Swedish PM accuses Russia of inflaming Quran-burning crisis

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Swedish PM accuses Russia of inflaming Quran-burning crisis
Sweden's Civil Defence Minister Carl-Oskar Bohlin and Mikael Östlund, communications chief at the Psychological Defence Agency, hold a joint press conference on Russia's role in the Quran crisis. Photo: Mickan Palmqvist/TT

Sweden's Prime Minister warned on Wednesday that his country was being targeted by disinformation campaigns that seek to capitalise on the anger sparked by protests involving desecrations of the Quran.


"Sweden is right now the target of influence campaigns, supported by states and state-like actors, whose purpose is to harm Sweden and Swedish interests," Prime Minister Ulf Kristersson said in a social media post.

The head of government said in a message on Instagram that recent "burnings of copies of religious texts" coincide with a difficult "security policy situation."

"These events are then retold in an inaccurate way, sometimes with direct calls to hurt our country," he continued.

In a separate statement, Minister for Civil Defence Carl-Oskar Bohlin also warned of an increased spread of disinformation against Sweden.

"There is a risk that the current disinformation campaigns against Sweden could jeopardise the situation of Swedish citizens and companies abroad, and pose a threat to national security," Bohlin said.

Mikael Östlund, head of communication at Sweden's Psychological Defence Agency, said that his agency had recorded at least a million publication's connected to Sweden since the most recent publication on June 28th alone.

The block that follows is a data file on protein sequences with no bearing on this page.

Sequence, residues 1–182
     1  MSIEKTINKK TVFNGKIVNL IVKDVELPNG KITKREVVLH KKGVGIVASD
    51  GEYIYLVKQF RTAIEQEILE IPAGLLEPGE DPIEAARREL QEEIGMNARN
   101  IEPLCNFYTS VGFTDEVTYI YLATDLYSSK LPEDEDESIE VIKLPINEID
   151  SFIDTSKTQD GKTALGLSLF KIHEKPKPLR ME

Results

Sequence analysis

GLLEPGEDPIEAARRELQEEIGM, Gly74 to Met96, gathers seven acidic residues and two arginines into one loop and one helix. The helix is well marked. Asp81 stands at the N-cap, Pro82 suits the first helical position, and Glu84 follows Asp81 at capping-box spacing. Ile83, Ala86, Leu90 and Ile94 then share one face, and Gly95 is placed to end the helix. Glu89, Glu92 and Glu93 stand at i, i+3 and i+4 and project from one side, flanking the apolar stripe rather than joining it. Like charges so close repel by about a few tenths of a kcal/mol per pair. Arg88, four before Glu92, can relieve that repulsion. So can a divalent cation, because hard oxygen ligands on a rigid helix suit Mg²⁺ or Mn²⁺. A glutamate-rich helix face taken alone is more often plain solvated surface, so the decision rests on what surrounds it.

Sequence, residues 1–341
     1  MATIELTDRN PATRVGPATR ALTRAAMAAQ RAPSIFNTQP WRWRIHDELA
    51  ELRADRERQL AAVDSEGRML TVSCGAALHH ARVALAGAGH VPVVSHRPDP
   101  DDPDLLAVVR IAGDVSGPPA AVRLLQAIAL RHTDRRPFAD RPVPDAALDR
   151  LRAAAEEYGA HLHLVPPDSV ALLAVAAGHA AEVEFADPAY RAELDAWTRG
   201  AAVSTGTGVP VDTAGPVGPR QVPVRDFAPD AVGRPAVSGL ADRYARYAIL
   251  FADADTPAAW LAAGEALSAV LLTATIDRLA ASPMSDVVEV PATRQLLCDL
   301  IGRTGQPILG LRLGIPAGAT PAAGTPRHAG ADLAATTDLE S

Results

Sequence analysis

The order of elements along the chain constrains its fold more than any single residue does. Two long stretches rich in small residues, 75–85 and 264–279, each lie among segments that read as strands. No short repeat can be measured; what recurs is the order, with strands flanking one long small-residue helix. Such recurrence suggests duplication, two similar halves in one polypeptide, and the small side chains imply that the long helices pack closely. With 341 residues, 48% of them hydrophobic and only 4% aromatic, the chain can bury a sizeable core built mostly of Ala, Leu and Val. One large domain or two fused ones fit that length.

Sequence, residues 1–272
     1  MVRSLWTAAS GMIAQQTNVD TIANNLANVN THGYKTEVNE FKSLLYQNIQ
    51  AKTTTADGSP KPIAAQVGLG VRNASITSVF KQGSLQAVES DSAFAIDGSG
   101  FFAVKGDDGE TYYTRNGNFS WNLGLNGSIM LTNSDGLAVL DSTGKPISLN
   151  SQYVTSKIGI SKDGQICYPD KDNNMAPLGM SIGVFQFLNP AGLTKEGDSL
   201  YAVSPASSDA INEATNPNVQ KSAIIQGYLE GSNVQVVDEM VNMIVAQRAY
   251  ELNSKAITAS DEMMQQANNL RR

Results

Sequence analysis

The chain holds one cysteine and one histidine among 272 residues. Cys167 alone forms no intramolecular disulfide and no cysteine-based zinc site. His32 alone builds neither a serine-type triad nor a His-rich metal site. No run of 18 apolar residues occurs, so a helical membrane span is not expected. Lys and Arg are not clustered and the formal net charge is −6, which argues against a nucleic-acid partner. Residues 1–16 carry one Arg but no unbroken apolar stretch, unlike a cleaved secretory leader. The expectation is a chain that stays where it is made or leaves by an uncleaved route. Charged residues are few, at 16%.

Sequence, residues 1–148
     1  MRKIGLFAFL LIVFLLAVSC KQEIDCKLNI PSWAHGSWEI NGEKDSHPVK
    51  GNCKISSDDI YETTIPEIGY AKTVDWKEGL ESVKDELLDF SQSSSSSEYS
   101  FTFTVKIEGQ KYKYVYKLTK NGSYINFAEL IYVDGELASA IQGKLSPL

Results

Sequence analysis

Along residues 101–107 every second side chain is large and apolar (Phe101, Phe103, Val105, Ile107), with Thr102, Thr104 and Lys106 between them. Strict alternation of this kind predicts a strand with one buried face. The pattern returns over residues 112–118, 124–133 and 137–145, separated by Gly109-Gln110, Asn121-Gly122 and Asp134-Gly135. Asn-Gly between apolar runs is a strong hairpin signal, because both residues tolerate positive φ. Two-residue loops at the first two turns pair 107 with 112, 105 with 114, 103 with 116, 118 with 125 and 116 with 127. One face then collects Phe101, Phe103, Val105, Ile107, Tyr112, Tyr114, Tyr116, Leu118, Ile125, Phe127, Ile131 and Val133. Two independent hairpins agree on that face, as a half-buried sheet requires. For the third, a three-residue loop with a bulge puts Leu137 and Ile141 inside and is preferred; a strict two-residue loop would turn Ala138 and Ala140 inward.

"Russia is using these events to drive its agenda in the media and in the channels it controls, and the message is obviously to split us in the west and also to create an increased anxiety and polarisation here in Sweden," he said. "An obvious ambition from the Russian side is of course to make it more difficult for Sweden to join Nato." 

Tensions have flared between Sweden and several Middle Eastern nations after an Iraqi refugee staged two protests in which he desecrated the Quran. In late June, Salwan Momika, 37, set pages of the Muslim holy text alight outside Stockholm's main mosque.

Last week he staged a similar protest outside Iraq's embassy, stomping on the Quran but leaving before burning it.

Sweden's government has condemned the desecrations, while stressing the country's constitutionally protected freedoms of speech and assembly. Sweden and other European countries have previously seen protests where far-right and other activists, citing free speech protections, damage or destroy religious symbols or books, often sparking protests.

Advance news of the planned Stockholm protest had prompted hundreds of Iraqis to mass at Sweden's Baghdad embassy the night before -- as they did in response to June's Quran burning -- before scaling the walls and torching buildings.


The events have raised diplomatic tensions throughout the Middle East, with Swedish envoys summoned in Egypt, Algeria, Saudi Arabia, Jordan and the United Arab Emirates.

Sweden's ambassador has been expelled from Iraq, while Iran said it would not allow a new Swedish ambassador into the country, after repeated protests at embassies in both Baghdad and Tehran.

Abandoning centuries of military non-alignment, Sweden decided to apply for Nato membership in the wake of Russia's invasion of Ukraine, but its membership is still awaiting ratification by Hungary and Turkey.



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